Sunday, July 18, 2010

::un·ex·pect·ed | ˌənikˈspektid::

Am I the only one who goes through a grieving/acceptance process when I discover something about my life that I didn't expect? Things I didn't envision accurately? Like my first love; my career path; the guy I married; moving to the Prairies; having a baby? You know, BIG stuff? 

Most of these things (okay, all of them) are aspects of my life I take for granted until reality SMACKS ME UPSIDE THE HEAD. That first boyfriend? He was around way too long. And even though the break was tough, it was for the best (well, for me - ha!). It taught me so much about myself, my family and friends, and my God. But at the time, I was beyond devastated. How could life go on without him? 

As for my career, it didn't exactly take me downtown to Vancouver, living in a Yaletown loft, wearing killer stilettos and pencil skirts, and finishing my days with gin martinis at the local lounge on Hamilton Street, did it? (Yes, this really was my vision as I signed up for Journalism school! I didn't know how underpaid journalists were until after I started applying for jobs, ok? Call me naive). 

Then there's Wayne. Yes, our relationship was a bit, um, one-sided for awhile (does over a year classify as "awhile"?). That's because I had grand visions of some tall, dark, knight in shining armour coming to sweep me off my feet in a swirl of passion and romance, not a blonde-haired, blue-eyed service technician with a friendly smile challenging me in a battle of wits and impressing me with his endless smarts. But boy, did I win the prize with that one! 

You all know I'm a "planner," right? Type A. Yet, the best things in my life have been the moments, situations, and people I never saw coming. In all these things, I have learned, in a real and personal way, that In his heart a man plans his course, but the LORD determines his stepsProverbs 16:9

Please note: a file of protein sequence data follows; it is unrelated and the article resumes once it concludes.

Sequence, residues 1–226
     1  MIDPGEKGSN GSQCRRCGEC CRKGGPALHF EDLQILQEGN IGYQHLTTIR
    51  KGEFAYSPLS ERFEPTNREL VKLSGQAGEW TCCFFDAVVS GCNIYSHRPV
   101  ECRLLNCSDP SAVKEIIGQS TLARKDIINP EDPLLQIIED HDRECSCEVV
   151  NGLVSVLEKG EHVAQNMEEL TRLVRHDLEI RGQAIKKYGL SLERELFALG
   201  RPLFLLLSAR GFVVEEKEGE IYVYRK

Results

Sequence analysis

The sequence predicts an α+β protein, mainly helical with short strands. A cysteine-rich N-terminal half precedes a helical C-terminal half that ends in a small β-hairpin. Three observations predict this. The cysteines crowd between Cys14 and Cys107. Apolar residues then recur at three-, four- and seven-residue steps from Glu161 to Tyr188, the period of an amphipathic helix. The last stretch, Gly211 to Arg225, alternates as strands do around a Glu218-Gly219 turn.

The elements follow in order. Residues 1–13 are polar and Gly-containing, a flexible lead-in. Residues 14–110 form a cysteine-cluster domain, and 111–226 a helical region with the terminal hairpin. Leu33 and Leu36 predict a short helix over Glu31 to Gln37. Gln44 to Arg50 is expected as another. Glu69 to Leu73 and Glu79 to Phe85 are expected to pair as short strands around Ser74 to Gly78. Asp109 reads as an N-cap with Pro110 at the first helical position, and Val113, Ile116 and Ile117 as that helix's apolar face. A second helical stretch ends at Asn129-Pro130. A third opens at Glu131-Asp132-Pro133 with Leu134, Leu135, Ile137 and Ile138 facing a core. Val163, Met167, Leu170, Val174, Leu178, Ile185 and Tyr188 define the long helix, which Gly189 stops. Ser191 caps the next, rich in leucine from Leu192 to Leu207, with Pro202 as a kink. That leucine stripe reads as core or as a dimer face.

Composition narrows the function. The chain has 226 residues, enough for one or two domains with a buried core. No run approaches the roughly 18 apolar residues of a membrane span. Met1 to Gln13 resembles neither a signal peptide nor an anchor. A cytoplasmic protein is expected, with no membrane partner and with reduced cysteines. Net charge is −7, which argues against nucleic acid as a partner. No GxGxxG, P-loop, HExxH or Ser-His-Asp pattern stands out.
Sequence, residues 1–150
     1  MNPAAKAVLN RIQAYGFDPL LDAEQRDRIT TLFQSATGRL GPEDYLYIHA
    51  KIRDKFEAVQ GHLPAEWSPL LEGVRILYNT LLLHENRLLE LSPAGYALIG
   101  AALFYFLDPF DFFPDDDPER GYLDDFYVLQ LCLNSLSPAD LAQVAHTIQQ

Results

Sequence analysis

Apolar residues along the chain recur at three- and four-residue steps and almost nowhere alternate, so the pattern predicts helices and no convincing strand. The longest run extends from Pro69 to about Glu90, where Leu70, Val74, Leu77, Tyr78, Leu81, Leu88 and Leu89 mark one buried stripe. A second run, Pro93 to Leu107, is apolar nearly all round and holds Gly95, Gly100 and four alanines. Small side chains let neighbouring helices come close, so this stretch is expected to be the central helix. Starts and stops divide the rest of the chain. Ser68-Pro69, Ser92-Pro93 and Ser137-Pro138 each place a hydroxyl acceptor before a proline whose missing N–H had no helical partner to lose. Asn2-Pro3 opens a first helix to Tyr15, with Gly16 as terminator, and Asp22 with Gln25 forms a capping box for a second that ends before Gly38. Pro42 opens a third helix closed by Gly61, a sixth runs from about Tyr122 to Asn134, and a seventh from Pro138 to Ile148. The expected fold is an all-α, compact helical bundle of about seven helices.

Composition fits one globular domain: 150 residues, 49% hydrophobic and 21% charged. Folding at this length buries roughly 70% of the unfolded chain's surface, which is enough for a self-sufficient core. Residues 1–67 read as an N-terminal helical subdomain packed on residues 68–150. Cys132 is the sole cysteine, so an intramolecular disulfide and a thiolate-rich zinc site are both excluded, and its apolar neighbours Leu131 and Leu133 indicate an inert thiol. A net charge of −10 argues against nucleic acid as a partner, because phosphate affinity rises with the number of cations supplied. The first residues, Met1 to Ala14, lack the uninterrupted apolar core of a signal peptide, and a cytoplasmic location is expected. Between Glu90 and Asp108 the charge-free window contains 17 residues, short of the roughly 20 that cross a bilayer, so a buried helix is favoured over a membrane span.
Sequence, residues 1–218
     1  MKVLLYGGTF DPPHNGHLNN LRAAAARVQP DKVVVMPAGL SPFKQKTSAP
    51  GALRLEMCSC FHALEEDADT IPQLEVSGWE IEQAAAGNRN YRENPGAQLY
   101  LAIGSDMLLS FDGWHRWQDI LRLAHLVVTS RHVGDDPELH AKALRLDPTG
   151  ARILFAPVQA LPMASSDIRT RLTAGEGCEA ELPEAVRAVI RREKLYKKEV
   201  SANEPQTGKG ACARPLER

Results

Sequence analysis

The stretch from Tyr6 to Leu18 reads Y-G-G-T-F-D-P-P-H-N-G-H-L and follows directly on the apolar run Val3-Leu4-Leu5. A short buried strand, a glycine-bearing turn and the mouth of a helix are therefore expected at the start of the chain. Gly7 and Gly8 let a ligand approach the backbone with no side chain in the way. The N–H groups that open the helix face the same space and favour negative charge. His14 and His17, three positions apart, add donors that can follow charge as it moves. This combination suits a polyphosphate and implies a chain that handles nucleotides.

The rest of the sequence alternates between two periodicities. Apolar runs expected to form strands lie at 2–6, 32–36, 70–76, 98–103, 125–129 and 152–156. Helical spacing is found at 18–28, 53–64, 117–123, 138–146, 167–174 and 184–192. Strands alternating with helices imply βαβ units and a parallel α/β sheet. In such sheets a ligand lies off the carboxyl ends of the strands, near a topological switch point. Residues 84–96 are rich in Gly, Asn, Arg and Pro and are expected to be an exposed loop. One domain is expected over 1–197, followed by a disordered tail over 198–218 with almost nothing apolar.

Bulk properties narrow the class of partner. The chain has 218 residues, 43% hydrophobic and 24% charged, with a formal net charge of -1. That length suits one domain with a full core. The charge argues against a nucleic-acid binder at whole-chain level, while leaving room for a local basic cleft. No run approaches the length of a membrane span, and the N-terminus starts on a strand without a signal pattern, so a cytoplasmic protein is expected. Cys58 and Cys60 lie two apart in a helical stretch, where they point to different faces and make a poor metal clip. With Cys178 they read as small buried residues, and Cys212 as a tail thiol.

So all I have to do is trust...right? See, what makes me such a "good Christian" (sarcasm) is that I'm constantly trying to take back control - it's just in my nature. Thus, I am constantly learning - over and over again - about how to give it back to God. 

Since last September, when our precious bundle was born, I have been on mat leave. That is, I am being paid to be a mom. Hey, that's not half bad! Plus, we're living on base, which requires only one car, and in a (bigger) house (with a yard!) that costs us less to rent than the interest alone costed us on the mortgage we held on our townhouse in Clayton Heights.

So what's the problem?

Reality sets in next month: E.I. payments stop and we need to live on a real, for serious, budget. I am here, raising Heidi, and Wayne is out, at work. Why is this so scary now that it's imminent? We joined the military specifically so I could raise our kids without the pressure to work. Why is this prospect suddenly so daunting?

Having thought about it for a few weeks now (yes, it transformed into a writers' block), I can see that even though we chose this lifestyle so I could be home with children, I truly, in my heart of hearts, did not foresee myself actually, for realsies, being a full-time mom. I always anticipated having freelance clients to bring in at least a small income, which we could put away for vacations, or add to our retirement plan, or whatever. Namely, I think I envisioned us still making enough money so that I could buy the nice goat cheese at the grocery store, fun but gratuitous things for Heidi, and maybe some brand-name clothes every once-in-a-while.